The neon-signed restaurant was set up in a suburb south-east of the Italian capital by the parents of children with disabilities, and it functions just like any other eatery – except 13 of its 18 employees are handicapped.
"I love this room, monitoring it, making myself available, being in contact with people," said Simone, a 24-year-old who after a paid internship of 600 hours now has a permanent contract with Girasoli (Sunflowers).
"And above all I just love being here!" he said.
When a group of women came in Simone deftly showed them to a table, clutching a few menus in his hand.
"We heard good things about it so we wanted to come," said one woman, while her friend added: "Basically it's a normal restaurant – except the waiters are nice!"
As he tucked into an amatriciana pasta dish, 64-year-old teacher Giuseppe said: "When you come here for the first time, you have certain expectations but you quickly realize that there is no need to have them!"
The restaurant was set up in 2000 and is aimed at offering work to people with Down syndrome – a genetic disorder usually associated with physical growth delays and intellectual disability but many manage to complete university degrees and hold down jobs.
"My waiters do their job and do it very well," said chief waiter Ugo Menghini, who is not handicapped, praising the efficiency and speed of his staff.
"If I was to set up my own business, I wouldn't hesitate, I would hire people with Down syndrome."
'It's a great victory'
Like many businesses in Italy, the restaurant has been hit by the recession and was forced to shut for several months last year for restructuring and renovation.
It is now being run by Consorzio Sintesi, a social co-operative association which specializes in giving jobs to disabled people and also manages three call-centres for the Italian mobile phone operator Wind.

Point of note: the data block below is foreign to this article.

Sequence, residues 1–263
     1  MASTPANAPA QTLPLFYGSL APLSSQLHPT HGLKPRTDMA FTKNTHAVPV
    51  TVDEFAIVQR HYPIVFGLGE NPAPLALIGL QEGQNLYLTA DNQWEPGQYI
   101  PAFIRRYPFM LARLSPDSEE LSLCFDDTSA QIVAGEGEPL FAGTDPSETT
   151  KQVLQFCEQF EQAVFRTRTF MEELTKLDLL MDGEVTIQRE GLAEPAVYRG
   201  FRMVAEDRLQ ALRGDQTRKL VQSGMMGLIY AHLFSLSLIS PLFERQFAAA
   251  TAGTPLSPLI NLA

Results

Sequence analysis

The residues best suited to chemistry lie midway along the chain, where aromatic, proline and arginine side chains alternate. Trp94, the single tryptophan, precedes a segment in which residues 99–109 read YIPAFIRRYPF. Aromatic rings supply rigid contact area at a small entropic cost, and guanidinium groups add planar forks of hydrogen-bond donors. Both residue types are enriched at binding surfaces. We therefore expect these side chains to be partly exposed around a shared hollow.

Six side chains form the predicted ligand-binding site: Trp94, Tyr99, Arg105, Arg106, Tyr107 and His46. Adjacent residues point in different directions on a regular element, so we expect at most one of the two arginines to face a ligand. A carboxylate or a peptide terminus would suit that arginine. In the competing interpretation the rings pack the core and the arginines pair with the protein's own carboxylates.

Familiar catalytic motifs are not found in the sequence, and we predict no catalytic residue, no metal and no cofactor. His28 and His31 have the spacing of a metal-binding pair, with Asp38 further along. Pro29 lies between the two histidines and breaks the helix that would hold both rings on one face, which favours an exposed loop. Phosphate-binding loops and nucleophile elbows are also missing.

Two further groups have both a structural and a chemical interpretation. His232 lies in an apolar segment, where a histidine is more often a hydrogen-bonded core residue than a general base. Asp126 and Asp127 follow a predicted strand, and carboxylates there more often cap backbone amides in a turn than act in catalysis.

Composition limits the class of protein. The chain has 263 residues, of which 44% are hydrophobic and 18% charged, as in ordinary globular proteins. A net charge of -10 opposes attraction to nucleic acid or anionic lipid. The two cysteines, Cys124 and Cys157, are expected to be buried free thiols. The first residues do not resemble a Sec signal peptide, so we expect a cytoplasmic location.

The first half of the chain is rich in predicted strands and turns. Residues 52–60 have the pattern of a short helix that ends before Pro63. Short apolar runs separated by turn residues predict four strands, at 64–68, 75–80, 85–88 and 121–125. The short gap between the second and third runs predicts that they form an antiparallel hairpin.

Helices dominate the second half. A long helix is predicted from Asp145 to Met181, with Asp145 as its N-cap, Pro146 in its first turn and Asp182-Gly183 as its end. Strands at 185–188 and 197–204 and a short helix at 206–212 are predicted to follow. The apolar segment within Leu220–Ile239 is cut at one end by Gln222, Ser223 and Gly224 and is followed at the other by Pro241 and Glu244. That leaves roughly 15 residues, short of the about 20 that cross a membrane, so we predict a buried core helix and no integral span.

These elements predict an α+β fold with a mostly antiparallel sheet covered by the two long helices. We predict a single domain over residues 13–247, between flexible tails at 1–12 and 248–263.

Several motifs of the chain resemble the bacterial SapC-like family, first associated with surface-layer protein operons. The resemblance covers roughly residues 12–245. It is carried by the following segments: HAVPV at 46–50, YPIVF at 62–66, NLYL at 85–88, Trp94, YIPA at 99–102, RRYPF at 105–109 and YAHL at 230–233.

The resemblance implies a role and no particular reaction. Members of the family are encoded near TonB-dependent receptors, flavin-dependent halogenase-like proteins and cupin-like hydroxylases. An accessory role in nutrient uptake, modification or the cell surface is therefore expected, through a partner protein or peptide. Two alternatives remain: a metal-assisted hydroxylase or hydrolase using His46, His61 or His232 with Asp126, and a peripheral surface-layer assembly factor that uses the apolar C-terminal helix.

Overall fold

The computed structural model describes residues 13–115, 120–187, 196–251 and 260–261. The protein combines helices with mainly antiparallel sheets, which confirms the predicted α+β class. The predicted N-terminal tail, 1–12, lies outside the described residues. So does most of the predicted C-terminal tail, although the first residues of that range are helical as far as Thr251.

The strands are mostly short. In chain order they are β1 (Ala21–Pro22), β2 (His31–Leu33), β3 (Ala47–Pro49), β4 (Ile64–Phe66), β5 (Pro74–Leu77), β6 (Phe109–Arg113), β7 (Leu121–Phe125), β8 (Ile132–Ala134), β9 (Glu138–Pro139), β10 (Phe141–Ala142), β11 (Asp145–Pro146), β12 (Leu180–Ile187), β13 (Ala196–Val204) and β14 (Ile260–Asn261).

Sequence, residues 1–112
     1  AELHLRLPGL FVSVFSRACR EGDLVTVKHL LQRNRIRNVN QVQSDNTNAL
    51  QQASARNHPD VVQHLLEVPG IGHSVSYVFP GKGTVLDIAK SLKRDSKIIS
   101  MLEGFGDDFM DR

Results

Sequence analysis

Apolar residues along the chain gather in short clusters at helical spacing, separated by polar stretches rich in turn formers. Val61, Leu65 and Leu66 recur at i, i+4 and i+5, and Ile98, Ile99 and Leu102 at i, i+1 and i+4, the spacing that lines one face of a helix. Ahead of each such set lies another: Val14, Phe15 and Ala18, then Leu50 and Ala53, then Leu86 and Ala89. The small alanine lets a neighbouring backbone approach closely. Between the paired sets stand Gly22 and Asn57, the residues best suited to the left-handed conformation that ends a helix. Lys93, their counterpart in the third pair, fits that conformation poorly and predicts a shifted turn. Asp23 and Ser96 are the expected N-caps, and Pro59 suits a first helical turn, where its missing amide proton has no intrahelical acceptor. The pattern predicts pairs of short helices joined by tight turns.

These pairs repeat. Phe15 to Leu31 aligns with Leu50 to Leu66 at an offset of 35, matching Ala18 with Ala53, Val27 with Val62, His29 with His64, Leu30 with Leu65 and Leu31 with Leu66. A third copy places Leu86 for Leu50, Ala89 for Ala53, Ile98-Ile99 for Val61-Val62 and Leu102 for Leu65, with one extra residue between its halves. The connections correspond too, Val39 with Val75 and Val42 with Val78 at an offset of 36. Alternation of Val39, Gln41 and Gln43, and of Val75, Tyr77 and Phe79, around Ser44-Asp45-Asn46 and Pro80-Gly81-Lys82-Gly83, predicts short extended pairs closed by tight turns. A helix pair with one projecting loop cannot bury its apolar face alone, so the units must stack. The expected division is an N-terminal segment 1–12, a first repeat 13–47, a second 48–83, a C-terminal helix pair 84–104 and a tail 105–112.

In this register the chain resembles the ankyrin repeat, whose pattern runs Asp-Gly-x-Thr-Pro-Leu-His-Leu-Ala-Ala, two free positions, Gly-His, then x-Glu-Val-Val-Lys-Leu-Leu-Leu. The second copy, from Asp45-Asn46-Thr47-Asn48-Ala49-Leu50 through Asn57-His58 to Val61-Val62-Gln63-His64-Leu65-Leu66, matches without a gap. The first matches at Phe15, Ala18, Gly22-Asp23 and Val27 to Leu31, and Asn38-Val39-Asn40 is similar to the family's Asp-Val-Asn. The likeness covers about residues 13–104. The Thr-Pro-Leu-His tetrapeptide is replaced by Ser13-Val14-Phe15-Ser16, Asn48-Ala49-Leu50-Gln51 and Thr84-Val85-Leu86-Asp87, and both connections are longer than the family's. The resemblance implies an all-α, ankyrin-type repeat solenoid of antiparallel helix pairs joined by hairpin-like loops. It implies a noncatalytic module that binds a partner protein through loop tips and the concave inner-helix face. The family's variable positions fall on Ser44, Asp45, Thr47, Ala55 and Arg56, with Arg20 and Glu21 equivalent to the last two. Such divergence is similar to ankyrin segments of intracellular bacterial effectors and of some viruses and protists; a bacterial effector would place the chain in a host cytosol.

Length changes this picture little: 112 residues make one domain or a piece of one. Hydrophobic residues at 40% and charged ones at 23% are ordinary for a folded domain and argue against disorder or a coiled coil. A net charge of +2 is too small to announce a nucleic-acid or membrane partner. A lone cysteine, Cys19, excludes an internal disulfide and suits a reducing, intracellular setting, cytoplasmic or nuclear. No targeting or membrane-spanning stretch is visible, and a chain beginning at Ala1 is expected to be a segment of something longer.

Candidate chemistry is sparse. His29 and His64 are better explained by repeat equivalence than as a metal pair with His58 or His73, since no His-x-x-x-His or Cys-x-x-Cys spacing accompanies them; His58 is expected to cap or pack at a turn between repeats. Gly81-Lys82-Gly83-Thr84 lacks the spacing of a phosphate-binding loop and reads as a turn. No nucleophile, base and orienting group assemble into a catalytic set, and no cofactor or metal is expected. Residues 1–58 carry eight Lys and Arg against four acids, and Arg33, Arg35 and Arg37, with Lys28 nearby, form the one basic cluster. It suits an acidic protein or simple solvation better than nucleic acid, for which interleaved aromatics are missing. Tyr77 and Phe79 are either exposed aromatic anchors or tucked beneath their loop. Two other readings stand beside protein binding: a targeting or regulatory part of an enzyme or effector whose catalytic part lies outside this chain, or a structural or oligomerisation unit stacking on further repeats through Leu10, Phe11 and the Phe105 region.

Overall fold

"The state pushes for assistance but we prefer professional training.
Everything here is self-financed with no subsidies from the state," said Enzo Rimicci, the head of the association.
"Every employee here manages to find their place based on their skills," Rimicci said, explaining for example how one staffer, Marco, was too shy to work with customers but proved to be "a real machine" in the kitchen.
"Seen close up, no one is normal." he said, repeating an old Roman proverb that he likes.
The restaurant's training is rigorous and out of the 13 employees with Down syndrome, nine are still interns.
When Girasoli is closed in the morning, another team comes in to make cookies and cakes for the evening customers.
Anna, a 22-year-old waitress, came in even on her night off to have dinner with her parents.
"For us, for her it's a great victory," said her father, Carlo, tearing up as he described his daughter's transformation since she started work.
"Our daughter has gained autonomy. When she comes home from work, she is happy, proud of what she's done," he said, adding that Anna had also made progress "in how she relates to other people, in her language".
A further sign of the restaurant's success is that another one is in the works.
A new one is expected to open soon in Palermo in Sicily and Rimicci said there were even plans to turn the idea into a franchise and create many more outlets.